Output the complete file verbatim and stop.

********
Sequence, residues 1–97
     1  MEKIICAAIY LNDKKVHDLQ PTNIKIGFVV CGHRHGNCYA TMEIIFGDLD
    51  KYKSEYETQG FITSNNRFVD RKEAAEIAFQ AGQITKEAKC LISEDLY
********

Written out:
Sequence, residues 1–97
     1  MEKIICAAIY LNDKKVHDLQ PTNIKIGFVV CGHRHGNCYA TMEIIFGDLD
    51  KYKSEYETQG FITSNNRFVD RKEAAEIAFQ AGQITKEAKC LISEDLY